Collaborating Authors


Deep learning for genomics


Although deep learning holds enormous promise for advancing new discoveries in genomics, it also should be implemented mindfully and with appropriate caution. Deep learning should be applied to biological datasets of sufficient size, usually on the order of thousands of samples. The'black box' nature of deep neural networks is an intrinsic property and does not necessarily lend itself well to complete understanding or transparency. Subtle variations in the input data can have outsized effects and must be controlled for as well as possible. Importantly, deep learning methods should be compared with simpler machine learning models with fewer parameters to ensure that the additional model complexity afforded by deep learning has not led to overfitting of the data.

Spending Christmas in the World of Warcraft

BBC News

World of Warcraft allows players to dive into a vast fantasy realm populated with players from around the world. Together they battle to survive alongside dragons, trolls and warlocks - even on Christmas Day. Video games have long proved a formidable force in capturing the hearts, imaginations and wallets of people all over the world. The most immersive gaming experience, according to its fans, is World of Warcraft and in Azeroth, where the game is set, even Christmas Day is celebrated with turkey feasts, snowball fights and presents under a tree. In a time where many of us spend more time online, what does it mean to celebrate 25 December in a virtual world?

Alexa, Is Santa Claus Real?


The internet is full of misinformation, and the internet of things is no exception. Smart speakers like Amazon's Alexa have been known to lie to children, with kid-friendly modes designed to shield them from life's harsher truths, from the reality of where babies come from to the career path of Stormy Daniels. But no question could be of greater significance for kids at this time of year than the one about the existence of the man who knows whether they've been bad or good. Google, Amazon, and Apple are not about to get themselves put on parent's naughty list--or worse, get unplugged--by telling kids there is no Santa. All three tech companies have special Christmas-themed answers in place this festive season, from whether Santa is real to whether you've been naughty or nice.

Zoox Inc. Snags First California Permit To Transport Passengers In Self-Driving Cars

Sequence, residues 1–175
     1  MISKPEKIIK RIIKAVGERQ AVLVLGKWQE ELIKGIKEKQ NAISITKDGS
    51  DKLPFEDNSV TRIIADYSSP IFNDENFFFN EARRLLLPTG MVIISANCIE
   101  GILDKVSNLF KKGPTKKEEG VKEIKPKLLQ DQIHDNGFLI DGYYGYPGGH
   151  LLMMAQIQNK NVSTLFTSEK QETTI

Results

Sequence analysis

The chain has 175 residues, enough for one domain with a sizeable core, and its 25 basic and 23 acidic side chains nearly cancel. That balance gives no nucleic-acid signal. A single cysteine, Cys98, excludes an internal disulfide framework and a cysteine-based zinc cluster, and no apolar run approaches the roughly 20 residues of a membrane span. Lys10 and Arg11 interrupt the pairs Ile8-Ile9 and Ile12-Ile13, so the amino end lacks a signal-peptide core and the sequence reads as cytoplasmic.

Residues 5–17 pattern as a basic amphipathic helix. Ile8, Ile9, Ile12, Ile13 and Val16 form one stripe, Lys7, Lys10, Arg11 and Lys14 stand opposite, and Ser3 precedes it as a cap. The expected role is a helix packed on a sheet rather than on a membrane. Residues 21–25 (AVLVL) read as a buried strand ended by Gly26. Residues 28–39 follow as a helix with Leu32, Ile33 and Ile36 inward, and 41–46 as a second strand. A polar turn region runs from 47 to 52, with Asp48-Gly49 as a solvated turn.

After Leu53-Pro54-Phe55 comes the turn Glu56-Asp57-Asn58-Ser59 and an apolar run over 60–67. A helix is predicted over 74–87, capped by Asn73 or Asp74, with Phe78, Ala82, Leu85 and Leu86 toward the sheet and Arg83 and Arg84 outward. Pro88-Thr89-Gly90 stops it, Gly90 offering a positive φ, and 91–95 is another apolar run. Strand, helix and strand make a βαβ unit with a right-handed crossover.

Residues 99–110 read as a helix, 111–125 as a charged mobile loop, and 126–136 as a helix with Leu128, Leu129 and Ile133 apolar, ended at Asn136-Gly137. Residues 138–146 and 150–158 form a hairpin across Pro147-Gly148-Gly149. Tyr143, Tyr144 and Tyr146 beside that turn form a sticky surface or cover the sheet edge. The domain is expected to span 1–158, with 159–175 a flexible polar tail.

NPR Technology

Bay Area-based Zoox Inc has received approval from California to transport passengers in its autonomous vehicles. It's the first permit handed out by the state as part of a pilot program for self-driving cars. Bay Area-based Zoox Inc has received approval from California to transport passengers in its autonomous vehicles. It's the first permit handed out by the state as part of a pilot program for self-driving cars. Self-driving cars, once a futuristic projection, have already become old news in California.

The drone crackdown: if a trained eagle can't stop them, what will?

The Guardian

From computer programming and guns that fire giant nets to well-trained birds of prey, previous attempts to stop the rogue use of consumer drones have been nothing if not original. But for all that creativity, the authorities have been left behind. And on Thursday, as an unknown operator succeeded in shutting down Gatwick airport for at least 18 hours by flying drones around the airport's protected airspace, the slow pace of progress was highlighted again. Regulators, police and defence experts are hoping to close that gap as they seek to deal with the rapid proliferation of drones, which have upended conventional thinking in fields as varied as aviation, prison security, and guerrilla warfare in the Middle East. In the UK, new rules first announced in July 2017 will finally be implemented in November 2019, requiring individuals to register with the government when they purchase drones weighing more than 250g (8.8oz), and be tested on their piloting skills and knowledge of the law before they are allowed to fly the devices.